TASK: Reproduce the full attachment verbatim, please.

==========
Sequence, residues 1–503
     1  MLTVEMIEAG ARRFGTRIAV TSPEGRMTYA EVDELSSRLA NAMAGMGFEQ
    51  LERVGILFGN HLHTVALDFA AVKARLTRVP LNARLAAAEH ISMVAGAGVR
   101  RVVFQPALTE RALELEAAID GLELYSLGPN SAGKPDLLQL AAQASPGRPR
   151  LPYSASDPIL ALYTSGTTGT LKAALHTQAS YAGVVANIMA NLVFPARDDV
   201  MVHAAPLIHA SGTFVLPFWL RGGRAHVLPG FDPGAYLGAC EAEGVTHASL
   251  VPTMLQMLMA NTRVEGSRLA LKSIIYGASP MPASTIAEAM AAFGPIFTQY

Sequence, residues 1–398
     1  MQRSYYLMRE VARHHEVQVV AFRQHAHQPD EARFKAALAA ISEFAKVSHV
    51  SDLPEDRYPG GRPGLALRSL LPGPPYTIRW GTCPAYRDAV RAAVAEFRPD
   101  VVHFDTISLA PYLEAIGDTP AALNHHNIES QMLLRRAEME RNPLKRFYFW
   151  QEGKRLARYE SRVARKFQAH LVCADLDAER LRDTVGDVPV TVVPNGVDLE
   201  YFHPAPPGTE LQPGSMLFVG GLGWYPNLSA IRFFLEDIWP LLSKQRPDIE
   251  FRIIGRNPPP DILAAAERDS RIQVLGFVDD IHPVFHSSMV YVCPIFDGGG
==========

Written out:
Sequence, residues 1–503
     1  MLTVEMIEAG ARRFGTRIAV TSPEGRMTYA EVDELSSRLA NAMAGMGFEQ
    51  LERVGILFGN HLHTVALDFA AVKARLTRVP LNARLAAAEH ISMVAGAGVR
   101  RVVFQPALTE RALELEAAID GLELYSLGPN SAGKPDLLQL AAQASPGRPR
   151  LPYSASDPIL ALYTSGTTGT LKAALHTQAS YAGVVANIMA NLVFPARDDV
   201  MVHAAPLIHA SGTFVLPFWL RGGRAHVLPG FDPGAYLGAC EAEGVTHASL
   251  VPTMLQMLMA NTRVEGSRLA LKSIIYGASP MPASTIAEAM AAFGPIFTQY

Sequence, residues 1–398
     1  MQRSYYLMRE VARHHEVQVV AFRQHAHQPD EARFKAALAA ISEFAKVSHV
    51  SDLPEDRYPG GRPGLALRSL LPGPPYTIRW GTCPAYRDAV RAAVAEFRPD
   101  VVHFDTISLA PYLEAIGDTP AALNHHNIES QMLLRRAEME RNPLKRFYFW
   151  QEGKRLARYE SRVARKFQAH LVCADLDAER LRDTVGDVPV TVVPNGVDLE
   201  YFHPAPPGTE LQPGSMLFVG GLGWYPNLSA IRFFLEDIWP LLSKQRPDIE
   251  FRIIGRNPPP DILAAAERDS RIQVLGFVDD IHPVFHSSMV YVCPIFDGGG